When Should You Drop Your Disability Insurance?

by Luke Arthur ; Updated July 27, 2017

Along with life insurance, disability insurance is one of the most important types of coverage the average person can have. With this type of insurance, you can protect your income even if you become disabled and are no longer able to work. While this type of insurance can be beneficial, you may wish to drop it at some point in the future to save money on the premiums.

Change in Working Status

In many cases, disability insurance is purchased by the primary breadwinner in the family. For example, if the husband has a high-paying job and the wife stays at home, the disability insurance would need to be purchased for the husband. If the husband stops working and the wife goes to work to be the primary breadwinner, it would not make much sense to have disability insurance on the husband any longer. At that point, you could stop buying disability insurance coverage for the husband.

Change in Dependents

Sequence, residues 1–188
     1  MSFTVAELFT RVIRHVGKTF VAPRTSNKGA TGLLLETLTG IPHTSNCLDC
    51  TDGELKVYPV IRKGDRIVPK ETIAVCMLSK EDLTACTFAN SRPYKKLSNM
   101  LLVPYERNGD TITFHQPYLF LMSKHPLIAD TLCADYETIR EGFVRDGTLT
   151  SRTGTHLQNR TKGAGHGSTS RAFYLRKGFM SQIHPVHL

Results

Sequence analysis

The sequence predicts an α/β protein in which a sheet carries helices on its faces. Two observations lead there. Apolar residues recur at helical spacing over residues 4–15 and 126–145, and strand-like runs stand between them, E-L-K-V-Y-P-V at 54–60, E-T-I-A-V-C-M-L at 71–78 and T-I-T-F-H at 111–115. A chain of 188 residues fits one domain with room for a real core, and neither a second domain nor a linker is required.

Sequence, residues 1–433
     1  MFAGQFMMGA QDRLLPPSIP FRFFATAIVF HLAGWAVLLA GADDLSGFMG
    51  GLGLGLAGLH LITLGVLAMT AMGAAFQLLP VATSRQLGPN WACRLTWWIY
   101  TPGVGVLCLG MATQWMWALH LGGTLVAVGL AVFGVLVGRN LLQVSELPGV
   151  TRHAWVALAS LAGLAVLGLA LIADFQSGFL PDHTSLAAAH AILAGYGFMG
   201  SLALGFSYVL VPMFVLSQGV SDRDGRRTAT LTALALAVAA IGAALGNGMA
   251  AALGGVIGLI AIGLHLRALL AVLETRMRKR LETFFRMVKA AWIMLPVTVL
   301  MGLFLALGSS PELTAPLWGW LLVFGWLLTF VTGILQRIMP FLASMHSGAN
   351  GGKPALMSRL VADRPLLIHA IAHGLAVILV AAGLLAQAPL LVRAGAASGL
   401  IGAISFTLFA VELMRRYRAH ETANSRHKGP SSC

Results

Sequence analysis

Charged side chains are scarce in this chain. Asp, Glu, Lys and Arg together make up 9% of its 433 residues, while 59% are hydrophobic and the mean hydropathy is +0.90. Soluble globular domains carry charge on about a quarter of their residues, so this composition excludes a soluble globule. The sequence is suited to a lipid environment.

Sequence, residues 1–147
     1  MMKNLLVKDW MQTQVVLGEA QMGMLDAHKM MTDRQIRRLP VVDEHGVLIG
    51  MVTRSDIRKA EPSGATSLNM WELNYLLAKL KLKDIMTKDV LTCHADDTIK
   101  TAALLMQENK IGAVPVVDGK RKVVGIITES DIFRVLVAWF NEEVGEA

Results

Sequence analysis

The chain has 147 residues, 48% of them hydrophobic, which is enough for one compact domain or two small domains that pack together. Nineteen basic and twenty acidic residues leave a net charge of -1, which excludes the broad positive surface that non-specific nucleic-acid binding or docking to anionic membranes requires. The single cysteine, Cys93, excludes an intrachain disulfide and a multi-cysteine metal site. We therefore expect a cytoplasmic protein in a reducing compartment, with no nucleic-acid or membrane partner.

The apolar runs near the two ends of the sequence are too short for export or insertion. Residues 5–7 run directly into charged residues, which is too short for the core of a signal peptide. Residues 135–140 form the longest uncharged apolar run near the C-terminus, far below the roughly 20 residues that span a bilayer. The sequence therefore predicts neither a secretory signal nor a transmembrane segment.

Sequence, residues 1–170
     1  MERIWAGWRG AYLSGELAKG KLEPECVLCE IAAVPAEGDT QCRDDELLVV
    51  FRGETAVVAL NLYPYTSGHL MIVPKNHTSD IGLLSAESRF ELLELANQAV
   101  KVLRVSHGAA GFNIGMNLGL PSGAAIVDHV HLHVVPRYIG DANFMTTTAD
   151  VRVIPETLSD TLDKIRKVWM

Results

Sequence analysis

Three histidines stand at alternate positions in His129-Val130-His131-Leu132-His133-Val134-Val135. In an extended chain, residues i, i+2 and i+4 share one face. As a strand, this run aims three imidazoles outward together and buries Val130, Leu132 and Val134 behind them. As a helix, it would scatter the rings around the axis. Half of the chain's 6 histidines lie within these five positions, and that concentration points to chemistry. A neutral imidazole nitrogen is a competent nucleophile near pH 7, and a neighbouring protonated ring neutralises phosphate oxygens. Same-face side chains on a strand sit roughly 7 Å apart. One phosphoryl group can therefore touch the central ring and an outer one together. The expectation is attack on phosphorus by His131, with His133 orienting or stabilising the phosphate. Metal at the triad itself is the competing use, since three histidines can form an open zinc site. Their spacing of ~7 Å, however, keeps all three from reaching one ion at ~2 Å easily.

One of the primary reasons that people buy disability insurance is so that they will have enough money to support their beneficiaries if they become disabled. If you no longer have any dependents that are counting on you for sustenance, you may not need to pay for disability insurance premiums any longer. For example, if your spouse passes away or your kids grow up and start supporting themselves, you may not need this coverage.

Retirement

Another time that you can consider changing your disability insurance coverage is when you reach retirement age. If you have saved diligently or if you are covered by a pension plan, you may have enough money coming to you from a retirement plan once you reach the proper age. At that point, the money will keep coming regardless of whether you are able to continue working. You could then stop paying your disability insurance premium since you are no longer required to work.

No Longer Need to Work

If you have been very successful in life and you no longer need to depend on your work to provide income, you could also stop the disability insurance coverage. For example, if you won the lottery or received a large inheritance that is big enough to support you and your family, it does not make much sense to buy disability coverage. While you can keep working, you do not have to depend on your ability to work to provide income.

About the Author

Luke Arthur has been writing professionally since 2004 on a number of different subjects. In addition to writing informative articles, he published a book, "Modern Day Parables," in 2008. Arthur holds a Bachelor of Science in business from Missouri State University.